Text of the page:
Modern retail businesses have to evolve and adapt or they risk becoming extinct, Google strategy planner automotive, David Tully, told AADA National Dealer Convention delegates.
Mr Tully said the key lesson Dealers should take away from his presentation was the need to “bring the dealership to the customer” via the online experience.
He gave the example of Blockbuster, which at its peak operated 370 stores in Australia but failed to adapt to the changing market, turning down the opportunity to buy Netflix based on the spurious reasoning that its customers wanted the social experience of visiting its store.
“We’re seeing one common trend: retail outlets are closing,” said Mr Tully, noting that even giants such as Myer, Target and McDonald’s were closing stores, not because they were failing businesses but because they were doing so much of their communication with customers online.
“Businesses outside of automotive are shifting their models to cater for what their customers want.”
Google conducts an annual survey of people who have bought a car in the past year. It found that buyers visited just one to two Dealers before purchasing, compared with five just a decade ago.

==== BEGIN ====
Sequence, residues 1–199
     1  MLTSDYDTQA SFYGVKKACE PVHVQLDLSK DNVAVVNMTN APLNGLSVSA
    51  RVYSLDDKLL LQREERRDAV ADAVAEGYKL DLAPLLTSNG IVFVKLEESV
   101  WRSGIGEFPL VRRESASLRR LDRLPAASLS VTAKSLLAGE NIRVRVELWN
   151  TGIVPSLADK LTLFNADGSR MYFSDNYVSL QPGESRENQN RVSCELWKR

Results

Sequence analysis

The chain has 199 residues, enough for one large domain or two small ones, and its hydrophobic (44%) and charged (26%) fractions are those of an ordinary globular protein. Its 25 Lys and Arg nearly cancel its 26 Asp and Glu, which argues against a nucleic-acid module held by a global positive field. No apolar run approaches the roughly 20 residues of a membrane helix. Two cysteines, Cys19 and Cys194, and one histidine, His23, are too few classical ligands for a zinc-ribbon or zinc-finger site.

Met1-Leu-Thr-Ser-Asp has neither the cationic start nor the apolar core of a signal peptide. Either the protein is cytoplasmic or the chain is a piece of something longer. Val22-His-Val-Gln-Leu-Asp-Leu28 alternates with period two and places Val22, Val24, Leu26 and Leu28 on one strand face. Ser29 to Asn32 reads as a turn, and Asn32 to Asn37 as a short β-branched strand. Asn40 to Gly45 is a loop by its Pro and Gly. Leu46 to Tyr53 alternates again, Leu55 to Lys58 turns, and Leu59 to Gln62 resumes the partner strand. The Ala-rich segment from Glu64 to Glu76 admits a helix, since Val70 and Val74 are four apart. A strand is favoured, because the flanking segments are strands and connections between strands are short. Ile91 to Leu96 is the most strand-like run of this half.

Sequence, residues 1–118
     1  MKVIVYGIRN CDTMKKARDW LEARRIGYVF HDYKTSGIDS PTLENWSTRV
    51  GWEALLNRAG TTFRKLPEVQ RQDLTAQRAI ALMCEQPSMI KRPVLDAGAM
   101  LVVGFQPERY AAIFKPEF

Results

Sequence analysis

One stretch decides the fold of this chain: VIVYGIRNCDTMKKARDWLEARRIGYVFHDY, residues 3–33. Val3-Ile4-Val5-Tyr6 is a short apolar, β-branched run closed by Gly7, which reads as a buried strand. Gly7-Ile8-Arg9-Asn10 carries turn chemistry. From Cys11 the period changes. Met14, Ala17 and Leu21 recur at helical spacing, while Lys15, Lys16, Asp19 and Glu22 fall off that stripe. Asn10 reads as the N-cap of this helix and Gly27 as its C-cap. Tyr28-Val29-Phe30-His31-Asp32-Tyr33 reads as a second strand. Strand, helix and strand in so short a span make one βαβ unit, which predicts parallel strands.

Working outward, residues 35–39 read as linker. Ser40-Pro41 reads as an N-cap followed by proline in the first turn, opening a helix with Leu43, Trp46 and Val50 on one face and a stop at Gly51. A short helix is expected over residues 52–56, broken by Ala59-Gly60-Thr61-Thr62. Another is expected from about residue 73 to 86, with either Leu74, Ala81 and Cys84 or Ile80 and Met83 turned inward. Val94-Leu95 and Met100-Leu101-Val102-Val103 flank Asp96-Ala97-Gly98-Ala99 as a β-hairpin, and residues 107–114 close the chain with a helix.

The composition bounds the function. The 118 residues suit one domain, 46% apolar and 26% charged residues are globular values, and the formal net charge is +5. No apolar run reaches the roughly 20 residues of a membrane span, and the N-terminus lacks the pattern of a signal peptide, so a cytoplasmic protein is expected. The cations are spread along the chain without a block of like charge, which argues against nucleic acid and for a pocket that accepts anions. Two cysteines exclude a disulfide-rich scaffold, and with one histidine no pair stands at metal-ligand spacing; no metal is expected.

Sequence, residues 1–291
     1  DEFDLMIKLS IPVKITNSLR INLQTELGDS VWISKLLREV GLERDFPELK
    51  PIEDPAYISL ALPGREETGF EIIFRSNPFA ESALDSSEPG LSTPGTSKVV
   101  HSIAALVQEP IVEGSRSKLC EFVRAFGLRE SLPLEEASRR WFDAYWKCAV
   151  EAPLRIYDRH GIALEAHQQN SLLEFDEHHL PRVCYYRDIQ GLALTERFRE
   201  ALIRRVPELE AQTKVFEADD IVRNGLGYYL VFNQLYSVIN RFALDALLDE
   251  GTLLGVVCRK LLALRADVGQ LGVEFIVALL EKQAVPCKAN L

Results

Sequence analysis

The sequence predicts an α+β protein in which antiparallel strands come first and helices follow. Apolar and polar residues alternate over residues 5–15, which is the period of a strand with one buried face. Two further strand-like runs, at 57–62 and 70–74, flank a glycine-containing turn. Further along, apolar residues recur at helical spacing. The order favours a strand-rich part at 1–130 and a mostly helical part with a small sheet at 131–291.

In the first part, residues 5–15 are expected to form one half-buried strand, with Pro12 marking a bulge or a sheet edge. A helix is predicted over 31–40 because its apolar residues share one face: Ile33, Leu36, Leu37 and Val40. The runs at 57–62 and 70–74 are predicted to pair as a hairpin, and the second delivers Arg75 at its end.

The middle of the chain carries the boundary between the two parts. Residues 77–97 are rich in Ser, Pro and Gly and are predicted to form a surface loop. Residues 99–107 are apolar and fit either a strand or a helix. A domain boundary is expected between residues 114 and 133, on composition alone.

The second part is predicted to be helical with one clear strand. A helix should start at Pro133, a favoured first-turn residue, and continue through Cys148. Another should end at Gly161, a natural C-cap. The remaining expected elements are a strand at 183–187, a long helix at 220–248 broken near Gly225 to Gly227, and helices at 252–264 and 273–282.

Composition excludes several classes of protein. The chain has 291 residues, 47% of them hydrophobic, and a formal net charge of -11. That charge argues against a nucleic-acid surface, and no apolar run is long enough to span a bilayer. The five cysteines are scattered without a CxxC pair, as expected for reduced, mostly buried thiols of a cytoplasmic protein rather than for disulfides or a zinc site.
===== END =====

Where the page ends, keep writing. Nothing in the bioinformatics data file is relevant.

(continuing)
Six out of 10 Australians are test driving one vehicle at most. They are doing their homework online and know what they want before they ever set foot in a dealership. Seventy five per cent of the ‘research journey’ is spent online. That’s why Dealers must strive to ensure they provide the best possible online experience to prospective customers.
“The online experience determines whether the customer will visit your dealership,” Mr Tully said.
“Customers are not just comparing you to other Dealers, but to every other business online.”
The online experience should include videos, reviews, and information to help the consumer discover the vehicle best suited for their needs. Comparison data, with figures and specifications, available online, can help a consumer choose their make and model and, therefore, which dealership to visit.
Dealers should ensure their marketing mix matched their customers’ behaviour, and value and review online metrics as frequently as they do financial statements.
Physical stores still crucial
Retail stores might be experiencing a reduced number of visits but the physical experience remains as important as ever. That’s why Apple is paying $3.9 billion in leases for its stores this year, and why Samsung just opened a 17,000 square metre store in New York in order to compete.
“The customer craves an experience,” Mr Tully said.
“They don’t want to be sold to.”